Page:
Collegio, Secreta. Esposizioni, Principi. Venetian Archives.
722. The Resident of England came into the Collegio, and spoke as follows:
His Majesty's impression of your Serenity's worth fills him with satisfaction at the benefit the republic will derive from your selection in these difficult times. When the Ambassador Soranzo made the announcement the king ordered me to confirm his friendship here and to wish you all prosperity. His Majesty wished the ambassador already chosen for here to perform this office, but his bad health has delayed him. His Majesty might have given the task to many who are more capable, but he thought that my devotion to the republic would render it acceptable. The king gives heart to my tongue by his own letter, which I present.
The doge replied: His Majesty could not perform this office by any one more acceptable than yourself. We thank his Majesty heartily, who may rest assured of our constant affection and esteem.
The Resident having desired to kiss his Serenity's cloak, the doge told him that he would always be welcome, and he departed.
Carolus, Dei Gratia Mag. Brit. etc. Rex, Fidei Defensor, etc. Seren. Principi Dno. Francisco Erizzo, Duci Venetiarum etc., consanguineo et amico nostro charissimo salutem et felicitatis incrementum. Serenissime Princeps etc., Tristitia nos affecerat de gravi Reipublicae ob Ducis Contareni piae memoriae obitum jactum nuncium, cum tam levavere et grate V. Serenitatis litterae et merentissimi vestratis Legati nobil. Soranzi relatio; ex quibus debitam dignissimae vestrae personae ad principatum suffecturam multo cum animi solatio intelleximus. Non igitur differre potuimus, quin cum V. Serenitati Ser. que Reipublicae et toti Christiano orbi de exoptata hac electione et successione laetanter gratuleremur. Tum V. Serenitatem de singulari nostra meritorum vestrorum existimatione et in eandem benevolentia constantique in inclitam Rempublicam affectu et amicitia rederemus certiorem; atque in eum finem virum generosum, nobisque fidelem et dilectum Thomam Rolandsonum, remiteremus qui donec benignior acris tempetatisque conditio, rerumque ratio mittendum nobis jusserint Legatum, ibi vobiscum moretur; cui mandata nostra exposturo benevolas petimus aures plenumque fidem. Quod superest Deum rogamus ut sub V. Serenitatis [auspiciis et urbi et aliis Reip. Dominiis tantum restituat salutis et prosperitatis] quantum V. Ser. tribuit virtutis et meritorum.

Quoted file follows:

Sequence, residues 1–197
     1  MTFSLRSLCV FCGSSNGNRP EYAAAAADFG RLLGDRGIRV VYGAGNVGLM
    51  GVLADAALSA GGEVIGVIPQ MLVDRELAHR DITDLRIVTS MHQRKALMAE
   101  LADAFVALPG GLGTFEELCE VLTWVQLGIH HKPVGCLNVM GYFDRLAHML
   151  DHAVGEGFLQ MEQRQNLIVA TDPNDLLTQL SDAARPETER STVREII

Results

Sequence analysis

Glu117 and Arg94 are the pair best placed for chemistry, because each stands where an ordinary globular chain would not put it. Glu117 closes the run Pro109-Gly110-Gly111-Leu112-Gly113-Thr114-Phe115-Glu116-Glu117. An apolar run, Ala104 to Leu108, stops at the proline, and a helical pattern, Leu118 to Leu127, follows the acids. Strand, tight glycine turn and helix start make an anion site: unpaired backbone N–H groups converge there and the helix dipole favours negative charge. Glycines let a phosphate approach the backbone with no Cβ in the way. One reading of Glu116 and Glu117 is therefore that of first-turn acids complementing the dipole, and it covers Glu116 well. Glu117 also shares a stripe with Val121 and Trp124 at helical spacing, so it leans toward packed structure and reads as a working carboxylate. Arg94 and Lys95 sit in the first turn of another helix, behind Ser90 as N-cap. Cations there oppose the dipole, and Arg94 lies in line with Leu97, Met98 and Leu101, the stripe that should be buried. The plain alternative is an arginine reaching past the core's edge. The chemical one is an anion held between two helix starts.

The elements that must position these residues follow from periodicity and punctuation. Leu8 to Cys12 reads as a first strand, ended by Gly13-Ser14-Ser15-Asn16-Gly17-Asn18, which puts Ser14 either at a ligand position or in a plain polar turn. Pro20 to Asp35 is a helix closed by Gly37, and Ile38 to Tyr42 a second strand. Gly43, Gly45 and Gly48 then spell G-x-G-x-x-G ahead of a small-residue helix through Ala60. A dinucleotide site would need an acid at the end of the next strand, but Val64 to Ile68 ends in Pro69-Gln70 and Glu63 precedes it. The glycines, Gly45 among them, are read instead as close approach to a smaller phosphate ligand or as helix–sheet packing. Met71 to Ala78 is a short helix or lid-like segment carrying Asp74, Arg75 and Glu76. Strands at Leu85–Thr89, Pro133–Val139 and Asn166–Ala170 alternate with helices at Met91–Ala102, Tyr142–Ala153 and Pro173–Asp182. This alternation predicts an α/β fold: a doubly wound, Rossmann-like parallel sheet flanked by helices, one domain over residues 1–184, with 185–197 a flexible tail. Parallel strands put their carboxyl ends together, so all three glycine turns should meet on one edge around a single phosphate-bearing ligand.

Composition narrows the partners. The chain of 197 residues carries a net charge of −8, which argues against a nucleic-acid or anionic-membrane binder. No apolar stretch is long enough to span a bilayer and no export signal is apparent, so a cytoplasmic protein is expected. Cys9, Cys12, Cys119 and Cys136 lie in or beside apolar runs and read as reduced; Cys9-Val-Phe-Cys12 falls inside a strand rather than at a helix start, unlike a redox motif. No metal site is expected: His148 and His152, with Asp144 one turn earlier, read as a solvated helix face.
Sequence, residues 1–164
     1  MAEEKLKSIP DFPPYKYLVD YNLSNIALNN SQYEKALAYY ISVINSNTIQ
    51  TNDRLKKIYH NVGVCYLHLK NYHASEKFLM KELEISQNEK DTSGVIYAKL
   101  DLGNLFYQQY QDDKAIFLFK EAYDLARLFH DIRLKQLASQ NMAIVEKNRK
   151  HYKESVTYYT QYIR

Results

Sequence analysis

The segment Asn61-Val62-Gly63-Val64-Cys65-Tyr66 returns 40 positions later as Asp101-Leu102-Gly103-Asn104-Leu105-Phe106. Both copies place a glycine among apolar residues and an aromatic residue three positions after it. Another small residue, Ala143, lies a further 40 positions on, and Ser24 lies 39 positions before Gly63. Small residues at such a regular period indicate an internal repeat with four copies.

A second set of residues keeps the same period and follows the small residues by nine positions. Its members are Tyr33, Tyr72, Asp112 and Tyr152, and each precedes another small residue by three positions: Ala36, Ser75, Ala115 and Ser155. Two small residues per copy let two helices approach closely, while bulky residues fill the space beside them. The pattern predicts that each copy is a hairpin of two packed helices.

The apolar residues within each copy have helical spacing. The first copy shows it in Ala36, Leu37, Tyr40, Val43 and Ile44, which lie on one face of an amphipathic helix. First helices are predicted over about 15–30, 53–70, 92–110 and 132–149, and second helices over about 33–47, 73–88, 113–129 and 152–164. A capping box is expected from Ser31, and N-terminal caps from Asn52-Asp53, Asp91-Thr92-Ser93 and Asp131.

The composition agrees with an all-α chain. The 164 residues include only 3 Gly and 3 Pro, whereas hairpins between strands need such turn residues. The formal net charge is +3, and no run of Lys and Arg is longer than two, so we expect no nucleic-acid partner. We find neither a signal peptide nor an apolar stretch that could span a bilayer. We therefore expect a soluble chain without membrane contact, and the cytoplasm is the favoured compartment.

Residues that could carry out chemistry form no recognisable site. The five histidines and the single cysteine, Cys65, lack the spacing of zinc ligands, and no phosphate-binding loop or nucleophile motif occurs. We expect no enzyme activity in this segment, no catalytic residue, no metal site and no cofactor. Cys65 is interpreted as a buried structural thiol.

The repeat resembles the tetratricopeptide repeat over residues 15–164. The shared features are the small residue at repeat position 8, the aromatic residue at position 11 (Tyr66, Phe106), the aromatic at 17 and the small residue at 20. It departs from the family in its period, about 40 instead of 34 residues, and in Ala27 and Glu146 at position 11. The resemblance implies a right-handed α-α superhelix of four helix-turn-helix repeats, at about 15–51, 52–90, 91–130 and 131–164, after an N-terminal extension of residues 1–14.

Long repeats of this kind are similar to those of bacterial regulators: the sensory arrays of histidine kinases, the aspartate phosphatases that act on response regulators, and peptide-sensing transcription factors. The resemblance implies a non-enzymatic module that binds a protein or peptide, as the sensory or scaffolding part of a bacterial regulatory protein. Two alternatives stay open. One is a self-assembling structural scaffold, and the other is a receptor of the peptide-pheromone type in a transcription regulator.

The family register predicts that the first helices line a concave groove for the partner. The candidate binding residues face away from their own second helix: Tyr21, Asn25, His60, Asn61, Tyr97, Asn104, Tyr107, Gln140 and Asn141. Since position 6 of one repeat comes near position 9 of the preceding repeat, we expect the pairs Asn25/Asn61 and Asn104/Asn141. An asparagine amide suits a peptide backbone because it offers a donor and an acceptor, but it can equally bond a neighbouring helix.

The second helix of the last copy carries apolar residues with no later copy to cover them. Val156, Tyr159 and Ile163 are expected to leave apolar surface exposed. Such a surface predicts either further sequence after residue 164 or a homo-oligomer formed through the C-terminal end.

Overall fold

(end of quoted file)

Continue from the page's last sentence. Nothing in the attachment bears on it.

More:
Dat. e nostro palatio Grenovici die ultima Julii, anno Christi MDCXXXI, et nostri regni VII.
V. Ser. consanguineus et amicus amantissimus.
CAROLUS R.
Oct. 3.
Senato, Secreta. Dispacci, Inghilterra. Venetian Archives.
723. GIOVANNI SORANZO, Venetian Ambassador in England, to the DOGE and SENATE.